No, black South Africans were not better off under apartheid: IRR

The Institute of Race Relations has distanced itself from a tweet by council member Unathi Kwaza claiming that black people were 'better off under apartheid'.
The Institute of Race Relations has distanced itself from a tweet by council member Unathi Kwaza claiming that black people were 'better off under apartheid'.
Image: Gallo Images/Thinkstock

Institute of Race Relations CEO Dr Frans Cronje has distanced the organisation from a comment made by Unathi Kwaza that black people were "better off under apartheid".

Kwaza was elected to the IRR council earlier this year.

In a tweet two days ago, she said: "Black people were better off under apartheid. It's time we admit this - at least those of us with honour."

Cronje said there were no grounds in principle or in fact for arguing that SA was better off under the "depraved" system of apartheid. He was responding to inquiries following Kwaza's tweet.

"The broader IRR has always harboured a diversity of opinion among its structures and staff. However, the tweeted comment that apartheid was better than democracy does not accord with the position of the organisation or that of the great majority, almost without exception, of staff and office-bearers. Furthermore, the comment does not accord with the facts," he said.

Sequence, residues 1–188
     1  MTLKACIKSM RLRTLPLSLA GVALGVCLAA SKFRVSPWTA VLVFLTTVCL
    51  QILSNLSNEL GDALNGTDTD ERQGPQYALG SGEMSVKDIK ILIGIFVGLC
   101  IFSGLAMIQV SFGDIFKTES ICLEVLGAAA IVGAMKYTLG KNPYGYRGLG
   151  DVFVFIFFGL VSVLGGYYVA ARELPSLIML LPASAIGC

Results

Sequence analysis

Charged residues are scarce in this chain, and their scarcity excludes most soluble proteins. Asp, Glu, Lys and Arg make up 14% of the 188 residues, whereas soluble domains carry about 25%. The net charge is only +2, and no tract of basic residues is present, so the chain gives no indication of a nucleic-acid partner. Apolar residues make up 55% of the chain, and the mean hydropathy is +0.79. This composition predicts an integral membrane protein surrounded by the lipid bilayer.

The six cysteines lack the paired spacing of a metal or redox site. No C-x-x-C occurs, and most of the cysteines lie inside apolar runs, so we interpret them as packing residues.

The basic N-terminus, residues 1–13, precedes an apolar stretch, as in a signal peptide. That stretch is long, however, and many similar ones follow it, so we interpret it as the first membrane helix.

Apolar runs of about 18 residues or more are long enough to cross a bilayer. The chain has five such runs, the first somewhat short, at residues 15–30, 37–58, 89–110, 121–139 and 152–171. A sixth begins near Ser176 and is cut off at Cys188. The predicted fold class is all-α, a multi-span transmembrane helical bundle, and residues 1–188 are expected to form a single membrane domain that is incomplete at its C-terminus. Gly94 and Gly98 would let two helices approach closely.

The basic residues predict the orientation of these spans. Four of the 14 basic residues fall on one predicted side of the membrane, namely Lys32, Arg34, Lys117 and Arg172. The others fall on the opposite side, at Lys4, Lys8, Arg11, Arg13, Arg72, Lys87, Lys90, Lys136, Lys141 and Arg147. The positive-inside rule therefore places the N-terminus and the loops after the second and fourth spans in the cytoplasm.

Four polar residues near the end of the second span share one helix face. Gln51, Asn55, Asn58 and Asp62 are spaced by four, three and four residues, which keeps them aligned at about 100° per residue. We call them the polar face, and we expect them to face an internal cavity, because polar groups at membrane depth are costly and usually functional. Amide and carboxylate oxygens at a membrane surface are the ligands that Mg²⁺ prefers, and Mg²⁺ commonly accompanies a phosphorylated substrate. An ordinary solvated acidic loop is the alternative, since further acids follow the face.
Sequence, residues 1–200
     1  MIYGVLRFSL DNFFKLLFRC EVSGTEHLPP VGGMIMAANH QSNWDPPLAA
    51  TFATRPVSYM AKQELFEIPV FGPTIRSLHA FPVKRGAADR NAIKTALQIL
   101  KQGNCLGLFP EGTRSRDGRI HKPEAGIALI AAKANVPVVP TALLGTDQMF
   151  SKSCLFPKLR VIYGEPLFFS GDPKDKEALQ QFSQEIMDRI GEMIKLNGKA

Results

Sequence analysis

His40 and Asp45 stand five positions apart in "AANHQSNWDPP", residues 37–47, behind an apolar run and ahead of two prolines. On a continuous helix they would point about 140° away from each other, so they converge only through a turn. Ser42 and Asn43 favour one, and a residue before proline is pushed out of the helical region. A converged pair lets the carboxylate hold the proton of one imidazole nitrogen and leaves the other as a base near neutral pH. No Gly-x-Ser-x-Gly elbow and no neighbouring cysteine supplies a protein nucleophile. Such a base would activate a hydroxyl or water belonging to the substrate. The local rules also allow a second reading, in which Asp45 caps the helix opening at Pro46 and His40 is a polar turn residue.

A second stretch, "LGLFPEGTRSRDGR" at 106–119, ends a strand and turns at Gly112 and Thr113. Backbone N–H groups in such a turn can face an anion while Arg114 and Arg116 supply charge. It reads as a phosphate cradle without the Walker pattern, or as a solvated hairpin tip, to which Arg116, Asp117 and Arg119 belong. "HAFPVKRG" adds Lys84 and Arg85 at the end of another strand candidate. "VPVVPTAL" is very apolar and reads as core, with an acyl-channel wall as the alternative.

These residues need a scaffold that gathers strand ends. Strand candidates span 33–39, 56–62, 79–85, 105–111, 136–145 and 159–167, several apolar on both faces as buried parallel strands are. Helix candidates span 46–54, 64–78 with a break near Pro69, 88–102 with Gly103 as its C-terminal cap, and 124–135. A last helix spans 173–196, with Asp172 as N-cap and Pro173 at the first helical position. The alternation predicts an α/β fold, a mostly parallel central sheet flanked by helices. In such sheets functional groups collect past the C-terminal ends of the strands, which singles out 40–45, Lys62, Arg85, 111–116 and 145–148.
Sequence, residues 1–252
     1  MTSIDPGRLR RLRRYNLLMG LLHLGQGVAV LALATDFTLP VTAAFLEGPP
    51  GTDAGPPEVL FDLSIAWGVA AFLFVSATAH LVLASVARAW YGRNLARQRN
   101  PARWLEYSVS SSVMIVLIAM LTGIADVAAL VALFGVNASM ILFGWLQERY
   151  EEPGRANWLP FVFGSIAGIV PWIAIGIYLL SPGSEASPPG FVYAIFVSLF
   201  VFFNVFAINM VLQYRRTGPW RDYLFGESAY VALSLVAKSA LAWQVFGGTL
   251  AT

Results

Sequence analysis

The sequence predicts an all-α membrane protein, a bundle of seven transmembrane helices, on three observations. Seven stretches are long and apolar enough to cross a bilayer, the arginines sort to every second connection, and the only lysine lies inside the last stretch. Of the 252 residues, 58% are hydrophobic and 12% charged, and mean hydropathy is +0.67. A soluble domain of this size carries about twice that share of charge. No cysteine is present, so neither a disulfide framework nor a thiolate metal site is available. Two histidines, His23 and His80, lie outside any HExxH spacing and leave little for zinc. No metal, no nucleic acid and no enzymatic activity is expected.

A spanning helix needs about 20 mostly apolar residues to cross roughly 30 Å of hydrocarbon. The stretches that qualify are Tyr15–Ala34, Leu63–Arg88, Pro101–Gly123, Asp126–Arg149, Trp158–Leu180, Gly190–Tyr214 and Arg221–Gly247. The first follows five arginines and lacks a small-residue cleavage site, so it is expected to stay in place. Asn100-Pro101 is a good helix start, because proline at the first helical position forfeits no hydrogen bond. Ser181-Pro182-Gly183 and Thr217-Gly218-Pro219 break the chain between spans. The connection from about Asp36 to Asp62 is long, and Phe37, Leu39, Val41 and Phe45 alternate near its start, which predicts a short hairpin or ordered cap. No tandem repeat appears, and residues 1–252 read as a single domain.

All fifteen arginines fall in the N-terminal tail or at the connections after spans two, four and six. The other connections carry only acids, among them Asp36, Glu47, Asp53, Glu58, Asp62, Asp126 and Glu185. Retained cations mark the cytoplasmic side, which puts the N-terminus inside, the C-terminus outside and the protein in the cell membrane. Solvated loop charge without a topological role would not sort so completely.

Cronje said apartheid was an evil and depraved system that the organisation bravely fought against for its entire duration in order to bring about democracy, and there could be no comparison between the present dispensation, for all South Africa’s contemporary challenges, to the racist establishment of the past.

Cronje added that the apartheid system denied the vote to 80% of the population.

"Fighting that system was one of our greatest successes. Provable data reveal that there are no grounds for arguing that apartheid was a better option."


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